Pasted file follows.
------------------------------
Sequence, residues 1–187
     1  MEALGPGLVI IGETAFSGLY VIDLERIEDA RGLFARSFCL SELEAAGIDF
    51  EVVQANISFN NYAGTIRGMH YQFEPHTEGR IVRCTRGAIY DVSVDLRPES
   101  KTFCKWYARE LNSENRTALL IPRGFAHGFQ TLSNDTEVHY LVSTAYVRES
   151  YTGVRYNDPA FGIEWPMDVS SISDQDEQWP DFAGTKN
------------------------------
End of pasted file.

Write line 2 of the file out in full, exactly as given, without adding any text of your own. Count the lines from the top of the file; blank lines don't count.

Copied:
     1  MEALGPGLVI IGETAFSGLY VIDLERIEDA RGLFARSFCL SELEAAGIDF